Post Grad 2011
Philosophy and the Concern with Colour
Semester 1, 2011
Prof W. Jones
This is a course in metaphysics, epistemology, the history of philosophy, and the nature of philosophy. Colour has been a pressing concern to philosophers since the rise of atomism in the 17thC. The issue arose when Galileo, Descartes, Locke, and others argued that since the material world is made up of miniscule objects without colours, then it follows that colours do not exist.
We will begin this class with a selection of readings representing the range of philosophical positions on the nature of colour. After that, we will work through the most recent book by Barry Stroud, one of the finer working historians of philosophy. In his book, Stroud is concerned with not only offering an account of the nature of colour, but with what we want from such an account.
Readings: Barry Stroud, The Quest for Reality (Oxford, 2000), & various readings.
Love, Morality, and Plato's Symposium
Semester 1, 2011
Dr. S. Vice (with Prof W. Jones)
The nature of love and the role of love in the good and right life has been discussed by philosophers at least since Plato?s dialogue *Symposium*. In this seminar, we will divide our time equally among the following three topics. (1) Plato?s Symposium and how to interpret it, (2) modern philosophical work on the nature of love, and (3) recent work on the relationship between the norms of love and the norms of morality.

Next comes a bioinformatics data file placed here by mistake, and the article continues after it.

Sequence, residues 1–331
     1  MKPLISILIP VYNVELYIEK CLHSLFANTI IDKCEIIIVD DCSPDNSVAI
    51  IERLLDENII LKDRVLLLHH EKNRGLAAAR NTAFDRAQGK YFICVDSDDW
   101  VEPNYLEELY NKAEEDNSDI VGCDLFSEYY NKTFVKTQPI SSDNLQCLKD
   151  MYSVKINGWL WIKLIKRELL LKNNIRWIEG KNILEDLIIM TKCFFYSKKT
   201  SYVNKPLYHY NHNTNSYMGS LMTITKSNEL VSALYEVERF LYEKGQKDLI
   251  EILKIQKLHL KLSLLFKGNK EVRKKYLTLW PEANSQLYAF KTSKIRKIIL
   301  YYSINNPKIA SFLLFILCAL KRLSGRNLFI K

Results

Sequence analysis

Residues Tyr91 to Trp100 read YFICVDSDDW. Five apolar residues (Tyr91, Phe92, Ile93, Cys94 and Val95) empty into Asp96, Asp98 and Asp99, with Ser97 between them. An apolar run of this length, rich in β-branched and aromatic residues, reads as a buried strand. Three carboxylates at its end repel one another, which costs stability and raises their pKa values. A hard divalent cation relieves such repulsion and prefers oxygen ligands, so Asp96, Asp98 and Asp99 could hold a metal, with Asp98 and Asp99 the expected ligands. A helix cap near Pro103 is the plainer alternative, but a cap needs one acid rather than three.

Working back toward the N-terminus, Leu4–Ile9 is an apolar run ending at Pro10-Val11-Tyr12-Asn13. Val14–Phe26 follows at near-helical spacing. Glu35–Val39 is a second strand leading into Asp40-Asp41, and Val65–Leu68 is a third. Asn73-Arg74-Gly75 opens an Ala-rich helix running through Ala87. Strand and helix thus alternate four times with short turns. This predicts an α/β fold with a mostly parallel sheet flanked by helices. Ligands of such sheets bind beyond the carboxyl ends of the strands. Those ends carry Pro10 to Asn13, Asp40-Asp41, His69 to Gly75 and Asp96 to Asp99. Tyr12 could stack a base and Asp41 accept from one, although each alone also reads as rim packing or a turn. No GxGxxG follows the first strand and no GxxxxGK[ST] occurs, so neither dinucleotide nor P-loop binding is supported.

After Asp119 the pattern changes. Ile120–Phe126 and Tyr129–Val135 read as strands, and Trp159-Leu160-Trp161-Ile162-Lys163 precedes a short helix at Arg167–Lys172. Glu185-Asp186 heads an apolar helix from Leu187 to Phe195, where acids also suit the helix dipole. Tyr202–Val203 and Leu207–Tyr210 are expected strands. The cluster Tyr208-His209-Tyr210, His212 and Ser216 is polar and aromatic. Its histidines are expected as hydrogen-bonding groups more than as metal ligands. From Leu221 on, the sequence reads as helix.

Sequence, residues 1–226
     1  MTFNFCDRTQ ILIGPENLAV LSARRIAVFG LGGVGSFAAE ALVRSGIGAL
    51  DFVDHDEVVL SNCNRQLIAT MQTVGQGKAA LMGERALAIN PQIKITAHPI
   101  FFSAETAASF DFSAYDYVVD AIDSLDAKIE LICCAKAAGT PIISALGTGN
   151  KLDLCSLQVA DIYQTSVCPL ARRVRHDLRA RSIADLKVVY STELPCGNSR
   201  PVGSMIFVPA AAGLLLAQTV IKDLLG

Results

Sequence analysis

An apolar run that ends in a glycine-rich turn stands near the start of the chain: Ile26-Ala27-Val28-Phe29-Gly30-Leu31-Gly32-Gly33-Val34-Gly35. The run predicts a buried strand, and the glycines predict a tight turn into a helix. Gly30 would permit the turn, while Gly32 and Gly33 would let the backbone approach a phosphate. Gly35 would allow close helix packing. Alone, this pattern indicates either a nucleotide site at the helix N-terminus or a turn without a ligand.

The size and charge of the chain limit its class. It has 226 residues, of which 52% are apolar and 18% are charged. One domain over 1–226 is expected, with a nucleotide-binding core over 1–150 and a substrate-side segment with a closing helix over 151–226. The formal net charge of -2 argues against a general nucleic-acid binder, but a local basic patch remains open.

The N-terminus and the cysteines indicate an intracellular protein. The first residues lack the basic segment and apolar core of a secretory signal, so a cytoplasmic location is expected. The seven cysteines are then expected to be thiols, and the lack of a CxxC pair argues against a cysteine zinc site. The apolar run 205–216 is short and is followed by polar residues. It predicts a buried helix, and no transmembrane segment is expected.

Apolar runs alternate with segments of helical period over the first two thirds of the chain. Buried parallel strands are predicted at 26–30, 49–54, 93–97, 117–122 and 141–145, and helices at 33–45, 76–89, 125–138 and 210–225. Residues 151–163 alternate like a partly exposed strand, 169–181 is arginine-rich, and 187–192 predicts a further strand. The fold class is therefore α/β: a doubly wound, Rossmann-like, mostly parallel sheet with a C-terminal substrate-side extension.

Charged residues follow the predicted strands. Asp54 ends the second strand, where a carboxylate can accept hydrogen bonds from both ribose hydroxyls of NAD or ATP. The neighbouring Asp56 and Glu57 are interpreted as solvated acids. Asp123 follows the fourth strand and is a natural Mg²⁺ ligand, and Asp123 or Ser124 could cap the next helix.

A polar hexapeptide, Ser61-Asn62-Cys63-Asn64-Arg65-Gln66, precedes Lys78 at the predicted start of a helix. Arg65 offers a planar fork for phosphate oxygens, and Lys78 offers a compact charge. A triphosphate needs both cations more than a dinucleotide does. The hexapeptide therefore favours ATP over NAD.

Readings: Plato's *Symposium* & various readings.
Philosophy Honours Semester 1 — Libido Dominandi: The Fallout of the Sexual Revolution (Mr. F. Williamson)
We examine the philosophical underpinnings of the sexual revolution of the 1960’s to the present in order to assess the overall consequences for human well-being. Has the sexual revolution been a good thing, or has it been a disastrous development for humanity as a whole? We examine this issue by way of considering a number of indicator topics which bring the issues into sharper relief — contemporary views about romantic or erotic love, sexual promiscuity, pornography, prostitution, homosexuality, sexual alterity, marriage and so forth. Are the rival ethical systems of contemporary philosophy (such as consequentialism or deontology) able to offer any light in this area, or do the facts (both empirical and philosophical) rather suggest the need for a different ethical system such as Natural Law Theory as the only schema which can make sense of the confusing legacy of the sexual revolution?
Honours Semester 2
Human Rights: Western & Chinese Views (Prof M. Vermaak)
What are human rights? Are they universal and objective norms or social constructions with a recent history? Which rights are human rights? How should we understand the continuing tension between Western democracies and China regarding human rights? This course will cover meta-ethics, comparative philosophy and political philosophy. Readings will be announced.